McCarthy, Timothy J.; Sheikh, M. N.; and Gardner, Anne, 2008, Encapsulating sustainability principles for structural design of buildings, in P. Kenny & V. Brophy (eds.), Passive and Low Energy Architecture (PLEA) Annual International Conference, Dublin: University College.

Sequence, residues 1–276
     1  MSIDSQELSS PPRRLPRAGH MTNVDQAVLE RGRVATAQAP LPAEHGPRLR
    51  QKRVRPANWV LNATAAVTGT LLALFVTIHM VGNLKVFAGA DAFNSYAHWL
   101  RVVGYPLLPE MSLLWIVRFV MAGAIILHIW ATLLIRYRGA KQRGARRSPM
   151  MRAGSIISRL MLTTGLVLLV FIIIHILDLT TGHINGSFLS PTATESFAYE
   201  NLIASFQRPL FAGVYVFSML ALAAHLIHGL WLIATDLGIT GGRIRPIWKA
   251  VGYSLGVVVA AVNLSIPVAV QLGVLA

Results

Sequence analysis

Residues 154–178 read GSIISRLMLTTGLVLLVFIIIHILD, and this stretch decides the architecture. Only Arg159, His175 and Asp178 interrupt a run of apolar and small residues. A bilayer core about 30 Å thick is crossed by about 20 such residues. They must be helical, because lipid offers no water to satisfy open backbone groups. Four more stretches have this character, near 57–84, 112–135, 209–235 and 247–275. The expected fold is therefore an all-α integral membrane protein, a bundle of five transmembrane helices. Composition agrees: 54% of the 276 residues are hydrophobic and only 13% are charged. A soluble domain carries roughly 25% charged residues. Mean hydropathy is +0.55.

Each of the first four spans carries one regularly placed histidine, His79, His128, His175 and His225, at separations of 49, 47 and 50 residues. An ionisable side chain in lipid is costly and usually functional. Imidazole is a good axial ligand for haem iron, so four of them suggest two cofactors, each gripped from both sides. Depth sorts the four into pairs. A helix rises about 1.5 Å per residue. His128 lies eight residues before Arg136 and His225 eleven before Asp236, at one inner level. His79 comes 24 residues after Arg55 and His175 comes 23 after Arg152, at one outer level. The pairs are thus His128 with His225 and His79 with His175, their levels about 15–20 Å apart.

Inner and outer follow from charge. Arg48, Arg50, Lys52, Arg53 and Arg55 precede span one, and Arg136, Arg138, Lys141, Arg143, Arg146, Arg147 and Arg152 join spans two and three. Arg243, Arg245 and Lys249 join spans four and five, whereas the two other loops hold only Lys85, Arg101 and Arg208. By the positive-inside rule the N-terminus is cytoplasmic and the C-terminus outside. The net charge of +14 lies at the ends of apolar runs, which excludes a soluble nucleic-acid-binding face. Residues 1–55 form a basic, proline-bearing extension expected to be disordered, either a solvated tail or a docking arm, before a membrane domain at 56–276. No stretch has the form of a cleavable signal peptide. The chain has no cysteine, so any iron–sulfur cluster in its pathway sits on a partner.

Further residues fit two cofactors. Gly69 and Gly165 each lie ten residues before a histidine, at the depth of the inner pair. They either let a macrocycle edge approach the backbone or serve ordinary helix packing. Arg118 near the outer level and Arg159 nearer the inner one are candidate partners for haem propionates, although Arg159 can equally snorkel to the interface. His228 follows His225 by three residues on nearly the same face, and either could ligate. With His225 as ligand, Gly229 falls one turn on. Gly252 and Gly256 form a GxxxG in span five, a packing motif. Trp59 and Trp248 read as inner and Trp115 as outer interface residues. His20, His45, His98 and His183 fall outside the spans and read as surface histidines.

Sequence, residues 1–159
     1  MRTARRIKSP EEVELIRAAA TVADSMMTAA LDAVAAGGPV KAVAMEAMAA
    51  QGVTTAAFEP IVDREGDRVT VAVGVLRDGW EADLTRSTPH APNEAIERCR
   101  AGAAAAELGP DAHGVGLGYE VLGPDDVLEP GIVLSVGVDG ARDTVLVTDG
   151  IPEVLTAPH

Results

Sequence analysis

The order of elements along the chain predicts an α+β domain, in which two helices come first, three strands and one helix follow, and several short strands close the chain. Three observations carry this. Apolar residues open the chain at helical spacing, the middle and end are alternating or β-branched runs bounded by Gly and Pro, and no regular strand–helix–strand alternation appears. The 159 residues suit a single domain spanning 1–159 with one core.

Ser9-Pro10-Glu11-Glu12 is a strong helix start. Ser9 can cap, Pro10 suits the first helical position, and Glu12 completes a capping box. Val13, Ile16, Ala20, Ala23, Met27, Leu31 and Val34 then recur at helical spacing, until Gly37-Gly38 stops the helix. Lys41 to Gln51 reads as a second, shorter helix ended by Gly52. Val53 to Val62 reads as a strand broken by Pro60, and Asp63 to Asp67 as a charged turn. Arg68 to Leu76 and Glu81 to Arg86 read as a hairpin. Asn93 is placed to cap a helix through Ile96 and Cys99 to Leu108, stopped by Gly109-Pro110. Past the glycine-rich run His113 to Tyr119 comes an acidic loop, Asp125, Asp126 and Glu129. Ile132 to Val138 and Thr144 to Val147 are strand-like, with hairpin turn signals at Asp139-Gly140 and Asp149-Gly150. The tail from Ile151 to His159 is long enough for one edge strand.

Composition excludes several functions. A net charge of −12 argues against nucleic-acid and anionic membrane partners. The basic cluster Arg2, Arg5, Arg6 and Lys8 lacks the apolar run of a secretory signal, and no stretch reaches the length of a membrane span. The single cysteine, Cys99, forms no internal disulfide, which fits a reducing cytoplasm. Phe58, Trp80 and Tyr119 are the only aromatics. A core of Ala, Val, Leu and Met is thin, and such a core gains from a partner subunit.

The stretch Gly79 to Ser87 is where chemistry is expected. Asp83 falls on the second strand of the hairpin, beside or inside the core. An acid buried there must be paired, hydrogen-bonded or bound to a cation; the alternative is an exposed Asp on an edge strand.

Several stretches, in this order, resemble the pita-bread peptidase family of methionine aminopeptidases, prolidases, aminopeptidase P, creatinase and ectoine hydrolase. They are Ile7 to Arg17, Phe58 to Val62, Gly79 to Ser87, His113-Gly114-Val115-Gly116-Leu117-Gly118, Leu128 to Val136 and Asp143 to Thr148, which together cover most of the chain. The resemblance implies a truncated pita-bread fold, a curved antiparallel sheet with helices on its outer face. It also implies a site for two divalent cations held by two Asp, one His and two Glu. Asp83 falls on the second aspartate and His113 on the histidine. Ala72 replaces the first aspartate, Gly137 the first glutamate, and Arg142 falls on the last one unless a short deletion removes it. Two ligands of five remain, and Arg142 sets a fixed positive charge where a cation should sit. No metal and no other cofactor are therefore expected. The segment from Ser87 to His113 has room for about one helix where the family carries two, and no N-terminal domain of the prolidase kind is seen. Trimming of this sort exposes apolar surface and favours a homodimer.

Adaptive re-use of buildings is seen by many as a key mechanism for developing a sustainable urban environment. How many buildings are actually designed with adaptive re-use as one of the requirements? This paper is concerned with how new building designs can take into account the future need for renovation, revamp and retrofit. At the outset of a building project, one cannot know for sure what modifications will be needed in the future. However, there are considerations that can be incorporated into the initial design and construction that will facilitate future renovations. Likewise there are practices that are undertaken now that will make renovations more difficult in the future. This preparation for the future re-use of buildings is an area of sustainability that has not received much attention. Examples of buildings that were originally designed with future modifications incorporated illustrate that long term thinking can lead to long term gain. There are also barriers to the long view. Economic drivers favour short term gain. The costs are levied up-front but the return on investment is many years later. The paper finishes with two case studies that demonstrate a long term sustainable approach.